Did NFL Commissioner Roger Goodell Pivot on the Redskins Nickname?

It was Topic A on the radio and at a Capitol Hill NFL party.
Adolpho Birch and Kenneth Edmonds, of NFL’s DC-based team handling government affairs, at the Madden NFL 25 launch party they cohosted at Hawk and Dove—not saying too much about commissioner Roger Goodell. Photograph by Carol Ross Joynt.

It’s worth noting that NFL commissioner
Roger Goodell this week appeared to change his tune, however subtly, on the subject of whether
the Redskins should find an alternative to the increasingly controversial team nickname.
In a pair of radio interviews he was pressed on just how the NFL plans to deal with
the issue. Redskins owner
Dan Snyder has said publicly that he will
“never” change the name.

In a Wednesday interview on 106.7 FM with
LaVar Arrington and
Chad Dukes, Goodell said, “If we are offending one person, we need to be listening and making
sure that we’re doing the right things to try to address that.” He went on: “Ultimately
it is Dan’s decision, but it is something that I want to make sure all of us are going
out and listening to our fans, listening to people who have a different view and making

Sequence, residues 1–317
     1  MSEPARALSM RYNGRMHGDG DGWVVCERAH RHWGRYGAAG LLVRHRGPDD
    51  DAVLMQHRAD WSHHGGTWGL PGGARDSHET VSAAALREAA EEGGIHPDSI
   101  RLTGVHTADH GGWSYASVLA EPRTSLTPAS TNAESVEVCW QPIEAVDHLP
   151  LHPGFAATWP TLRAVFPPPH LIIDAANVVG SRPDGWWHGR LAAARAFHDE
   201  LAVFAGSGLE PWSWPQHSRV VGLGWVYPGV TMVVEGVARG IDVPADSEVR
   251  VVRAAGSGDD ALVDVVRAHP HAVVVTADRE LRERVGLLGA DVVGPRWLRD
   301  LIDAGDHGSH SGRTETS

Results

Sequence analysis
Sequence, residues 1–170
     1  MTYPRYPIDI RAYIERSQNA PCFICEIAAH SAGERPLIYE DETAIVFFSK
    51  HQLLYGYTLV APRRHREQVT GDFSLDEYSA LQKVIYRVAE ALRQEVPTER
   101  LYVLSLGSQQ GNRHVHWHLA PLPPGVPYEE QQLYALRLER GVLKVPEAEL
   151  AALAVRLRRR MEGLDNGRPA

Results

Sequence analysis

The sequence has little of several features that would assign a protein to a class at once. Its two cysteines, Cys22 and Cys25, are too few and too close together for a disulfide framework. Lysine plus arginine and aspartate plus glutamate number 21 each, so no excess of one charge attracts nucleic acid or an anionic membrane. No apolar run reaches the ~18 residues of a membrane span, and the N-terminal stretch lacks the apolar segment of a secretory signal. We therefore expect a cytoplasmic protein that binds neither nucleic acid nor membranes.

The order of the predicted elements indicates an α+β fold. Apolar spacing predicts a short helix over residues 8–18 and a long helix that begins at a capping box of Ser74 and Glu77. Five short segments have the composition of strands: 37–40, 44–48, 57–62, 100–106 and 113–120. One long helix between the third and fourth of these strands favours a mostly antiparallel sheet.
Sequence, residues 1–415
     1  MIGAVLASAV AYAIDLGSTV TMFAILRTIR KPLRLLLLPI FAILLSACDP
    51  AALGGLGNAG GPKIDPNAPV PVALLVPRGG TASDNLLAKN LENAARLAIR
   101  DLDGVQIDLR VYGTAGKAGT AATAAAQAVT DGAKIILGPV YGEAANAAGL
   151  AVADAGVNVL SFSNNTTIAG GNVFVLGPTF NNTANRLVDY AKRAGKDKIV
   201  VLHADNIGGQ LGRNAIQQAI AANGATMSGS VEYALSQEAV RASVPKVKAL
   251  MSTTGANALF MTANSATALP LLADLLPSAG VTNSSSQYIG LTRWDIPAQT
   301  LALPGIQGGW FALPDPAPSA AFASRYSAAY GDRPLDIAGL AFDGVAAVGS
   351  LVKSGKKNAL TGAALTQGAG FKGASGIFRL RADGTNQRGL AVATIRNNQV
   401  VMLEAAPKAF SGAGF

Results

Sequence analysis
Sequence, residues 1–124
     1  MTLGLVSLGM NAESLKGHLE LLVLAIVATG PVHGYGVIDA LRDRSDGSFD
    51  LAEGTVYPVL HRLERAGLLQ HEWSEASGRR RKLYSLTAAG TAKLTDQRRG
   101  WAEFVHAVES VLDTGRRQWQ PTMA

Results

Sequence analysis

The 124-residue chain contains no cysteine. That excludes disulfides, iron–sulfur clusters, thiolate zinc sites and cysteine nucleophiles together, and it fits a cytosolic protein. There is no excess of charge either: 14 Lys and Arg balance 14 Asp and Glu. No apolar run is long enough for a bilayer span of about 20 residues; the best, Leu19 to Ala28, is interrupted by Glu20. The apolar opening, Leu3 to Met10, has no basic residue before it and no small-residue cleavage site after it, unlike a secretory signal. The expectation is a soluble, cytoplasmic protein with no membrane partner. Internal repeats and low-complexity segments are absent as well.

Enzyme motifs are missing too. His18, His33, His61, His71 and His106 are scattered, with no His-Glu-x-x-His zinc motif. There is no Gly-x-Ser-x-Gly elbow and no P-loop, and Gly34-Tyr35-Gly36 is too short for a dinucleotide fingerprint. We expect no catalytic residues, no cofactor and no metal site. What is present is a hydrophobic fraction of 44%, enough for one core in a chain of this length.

sure that we continue to do what’s right to make sure the team represents the strong
tradition it has for so many years.”

Contrast that with the June

on the subject that Goodell sent to members of the
Congressional Native American Caucus,
who had asked him to enforce a name change. In the letter,
Goodell said the nickname
had a “positive meaning,” had been “confirmed in a legal
context,” and is favored
by “the overwhelming majority of football fans and Americans
generally, including
Native Americans.” He called it a unifying force that stands
for courage, pride, and

In a Thursday interview on the
John Feinstein Show, Feinstein brought up the Wednesday interview and pressed further. Referring to Goodell’s
saying “if we are offending one person,” Feinstein said, “Clearly more than one person
is offended. What action based on that do you as commissioner need to take?”

Goodell replied, “I think that’s part of the evolution here. To sort of understand
that, we have to go out and listen, we have to understand, and if there are things
we can do to address that in a responsible fashion we should do that. But I’m not
going to speculate on what that is right now.” He closed out discussion of the subject
by saying, “We’ll find a solution.”

What that means to us is we wouldn’t be surprised to learn—obviously at a later stage—that
somewhere, possibly in a soundproofed room at Redskins Park, there could be top-secret
discussions of just how to find that “solution.”

It came up Thursday at Capitol Hill’s Hawk and Dove, where the NFL cohosted a party
to launch the new
Madden NFL 25 game. Standing together,
Adolpho Birch and
Kenneth Edmonds, who run the League’s DC-based government affairs office, were asked whether Goodell’s
comments were a change of direction and newsworthy.

They smiled. “What do you think?” they asked.

We think yes.

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